A view from Gideon Spanier

No ceasefire in sight in advertiser/agency cold war

US advertisers rolled the grenade but did not pull the pin.

That’s the conclusion from reading the Association of National Advertisers’ report, which identified "numerous non-transparent business practices" by media agencies but named no names to maintain confidentiality (and avert legal action).

A military analogy is appropriate because even ANA chief executive Bob Liodice has likened the relationship between advertisers and agencies to a Cold War. Still, the US and the Russians "figured out how to discuss nuclear disarmament", he says, and the media industry must do the same.

The initial reaction of the big agency groups to last week’s report was certainly reminiscent of a cold war stalemate: slam the "anonymised" and "one-sided" report and concede nothing.

In truth, most of the ANA’s findings were no surprise.

Agencies receiving cash rebates and free ad space from media owners, agencies signing spurious "service-level" agreements that bring in revenue for little or no work, agencies trading as principal and selling inventory to clients at big mark-ups – it’s ugly, but it’s the way the business operates.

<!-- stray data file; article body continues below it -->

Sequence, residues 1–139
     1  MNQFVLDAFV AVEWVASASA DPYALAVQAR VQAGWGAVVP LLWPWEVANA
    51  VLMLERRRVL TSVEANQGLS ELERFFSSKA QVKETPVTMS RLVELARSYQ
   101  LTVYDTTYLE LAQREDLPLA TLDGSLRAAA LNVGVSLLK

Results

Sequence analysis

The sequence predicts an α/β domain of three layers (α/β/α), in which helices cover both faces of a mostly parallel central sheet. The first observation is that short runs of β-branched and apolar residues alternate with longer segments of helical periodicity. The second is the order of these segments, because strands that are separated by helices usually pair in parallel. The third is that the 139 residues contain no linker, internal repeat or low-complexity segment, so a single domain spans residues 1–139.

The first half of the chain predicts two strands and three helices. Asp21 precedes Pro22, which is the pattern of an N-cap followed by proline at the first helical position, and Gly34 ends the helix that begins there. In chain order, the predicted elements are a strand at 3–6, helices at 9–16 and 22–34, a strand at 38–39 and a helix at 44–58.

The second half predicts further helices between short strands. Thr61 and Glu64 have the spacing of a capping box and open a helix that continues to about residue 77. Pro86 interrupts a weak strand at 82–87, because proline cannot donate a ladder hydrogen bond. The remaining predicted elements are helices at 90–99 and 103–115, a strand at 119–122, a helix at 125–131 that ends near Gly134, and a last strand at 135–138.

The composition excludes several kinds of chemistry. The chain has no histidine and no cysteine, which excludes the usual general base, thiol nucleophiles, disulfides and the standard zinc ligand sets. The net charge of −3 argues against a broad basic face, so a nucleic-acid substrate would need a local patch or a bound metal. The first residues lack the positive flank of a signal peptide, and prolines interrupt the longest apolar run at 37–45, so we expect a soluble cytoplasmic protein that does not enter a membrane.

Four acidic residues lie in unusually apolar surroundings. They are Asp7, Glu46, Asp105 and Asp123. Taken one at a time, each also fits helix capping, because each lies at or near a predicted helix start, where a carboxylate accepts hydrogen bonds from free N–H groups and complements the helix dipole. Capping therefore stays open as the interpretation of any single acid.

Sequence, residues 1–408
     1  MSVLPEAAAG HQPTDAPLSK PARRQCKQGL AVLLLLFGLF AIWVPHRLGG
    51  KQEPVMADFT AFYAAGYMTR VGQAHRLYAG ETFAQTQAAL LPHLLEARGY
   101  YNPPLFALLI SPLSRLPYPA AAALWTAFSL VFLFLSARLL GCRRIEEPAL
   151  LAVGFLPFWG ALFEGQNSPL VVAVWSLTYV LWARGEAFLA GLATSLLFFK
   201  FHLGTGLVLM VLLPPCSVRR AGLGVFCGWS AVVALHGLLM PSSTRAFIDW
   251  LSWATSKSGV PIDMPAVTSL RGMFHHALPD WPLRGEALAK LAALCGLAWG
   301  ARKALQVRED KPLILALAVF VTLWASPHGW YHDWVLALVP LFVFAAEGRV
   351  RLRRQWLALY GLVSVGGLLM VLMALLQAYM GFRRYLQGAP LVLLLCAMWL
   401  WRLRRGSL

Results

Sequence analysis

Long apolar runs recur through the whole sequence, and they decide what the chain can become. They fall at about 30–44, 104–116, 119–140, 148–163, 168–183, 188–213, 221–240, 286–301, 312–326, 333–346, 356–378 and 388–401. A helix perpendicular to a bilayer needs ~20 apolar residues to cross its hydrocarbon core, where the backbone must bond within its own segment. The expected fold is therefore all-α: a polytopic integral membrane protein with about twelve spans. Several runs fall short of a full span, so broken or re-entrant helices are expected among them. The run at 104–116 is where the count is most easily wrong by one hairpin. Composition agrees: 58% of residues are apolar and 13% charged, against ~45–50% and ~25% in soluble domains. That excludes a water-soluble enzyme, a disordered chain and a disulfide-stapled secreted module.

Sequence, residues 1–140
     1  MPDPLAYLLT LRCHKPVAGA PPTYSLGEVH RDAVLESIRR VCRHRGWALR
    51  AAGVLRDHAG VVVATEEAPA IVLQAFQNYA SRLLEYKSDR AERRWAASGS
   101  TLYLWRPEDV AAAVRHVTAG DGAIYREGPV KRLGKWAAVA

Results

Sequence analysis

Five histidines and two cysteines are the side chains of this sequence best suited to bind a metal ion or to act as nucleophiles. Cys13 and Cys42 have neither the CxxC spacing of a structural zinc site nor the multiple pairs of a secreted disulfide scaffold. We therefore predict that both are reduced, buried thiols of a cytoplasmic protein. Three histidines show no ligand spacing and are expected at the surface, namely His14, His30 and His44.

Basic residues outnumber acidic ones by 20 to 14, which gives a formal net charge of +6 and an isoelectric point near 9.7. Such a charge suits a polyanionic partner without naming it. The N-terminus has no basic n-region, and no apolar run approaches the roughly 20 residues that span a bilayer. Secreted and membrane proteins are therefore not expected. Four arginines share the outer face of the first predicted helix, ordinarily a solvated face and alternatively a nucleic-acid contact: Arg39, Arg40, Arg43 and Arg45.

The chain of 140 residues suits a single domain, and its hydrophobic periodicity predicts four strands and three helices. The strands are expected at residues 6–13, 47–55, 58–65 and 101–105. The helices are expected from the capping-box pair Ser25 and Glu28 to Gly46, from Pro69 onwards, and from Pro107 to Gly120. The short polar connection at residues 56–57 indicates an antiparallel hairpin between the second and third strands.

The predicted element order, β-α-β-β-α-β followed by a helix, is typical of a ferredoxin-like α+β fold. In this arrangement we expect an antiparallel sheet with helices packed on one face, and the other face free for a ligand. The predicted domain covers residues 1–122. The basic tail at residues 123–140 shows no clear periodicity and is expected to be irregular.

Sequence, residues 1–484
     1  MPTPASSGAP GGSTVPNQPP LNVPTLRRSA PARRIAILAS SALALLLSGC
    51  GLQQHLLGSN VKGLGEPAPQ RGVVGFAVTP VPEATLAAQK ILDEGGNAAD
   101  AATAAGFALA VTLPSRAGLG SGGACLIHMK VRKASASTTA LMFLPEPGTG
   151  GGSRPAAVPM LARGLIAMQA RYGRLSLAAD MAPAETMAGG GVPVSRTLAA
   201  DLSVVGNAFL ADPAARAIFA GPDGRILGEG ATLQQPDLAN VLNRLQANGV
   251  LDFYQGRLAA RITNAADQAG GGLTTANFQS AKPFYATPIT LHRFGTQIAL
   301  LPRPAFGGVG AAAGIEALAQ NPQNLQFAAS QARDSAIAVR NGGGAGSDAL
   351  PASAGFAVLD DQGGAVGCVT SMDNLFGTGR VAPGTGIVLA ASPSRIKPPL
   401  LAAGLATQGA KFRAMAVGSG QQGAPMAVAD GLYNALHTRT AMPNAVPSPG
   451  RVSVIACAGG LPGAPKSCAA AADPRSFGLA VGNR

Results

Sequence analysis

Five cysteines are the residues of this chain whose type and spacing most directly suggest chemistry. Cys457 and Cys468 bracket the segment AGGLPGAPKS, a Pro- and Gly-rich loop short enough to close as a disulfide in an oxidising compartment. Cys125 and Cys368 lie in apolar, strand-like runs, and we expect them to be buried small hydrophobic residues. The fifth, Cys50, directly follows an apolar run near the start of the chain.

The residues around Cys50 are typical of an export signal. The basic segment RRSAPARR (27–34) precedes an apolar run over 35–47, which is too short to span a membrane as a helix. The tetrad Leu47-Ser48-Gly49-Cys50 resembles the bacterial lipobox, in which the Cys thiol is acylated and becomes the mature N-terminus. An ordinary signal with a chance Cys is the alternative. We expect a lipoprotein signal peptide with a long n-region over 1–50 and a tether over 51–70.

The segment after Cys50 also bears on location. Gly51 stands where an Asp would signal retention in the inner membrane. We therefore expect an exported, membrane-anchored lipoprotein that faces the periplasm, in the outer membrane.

Yes, rebates are generally not allowed in the US, unlike in other markets, but if clients don’t police their agency contracts rigorously while simultaneously demanding lower prices, what do they expect?

Clients who are so naïve that they did not know are fools. And if they did know, they should have already demanded changes from their agencies. There is no excuse for an ignorant marketer with a sloppy agency contract.

The most fascinating aspect of the ANA report is the growing complexity and lack of transparency in digital – in particular, the role of the agency trading desk that "arbitrages" the price of media. Indeed, some trading desks are proudly non-transparent.

It is a global – not just a US – issue, and it matters hugely when online trust is already low.

Too many players in the ecosystem, including media owners, have been guilty of failing to act or speak up.

Facebook belatedly cut back on serving ads on third-party websites through the Facebook Audience Network and LiveRail late last year because of the low quality of inventory. "The challenging part is other competitors picked up that inventory," Facebook’s Carolyn Everson admitted recently. "We could have made a lot more money if we had kept that inventory."

Others need to ask themselves in light of the ANA report how they make money. Many of those involved in the advertiser/agency cold war say privately they would like a "reset". But no-one is betting it will happen.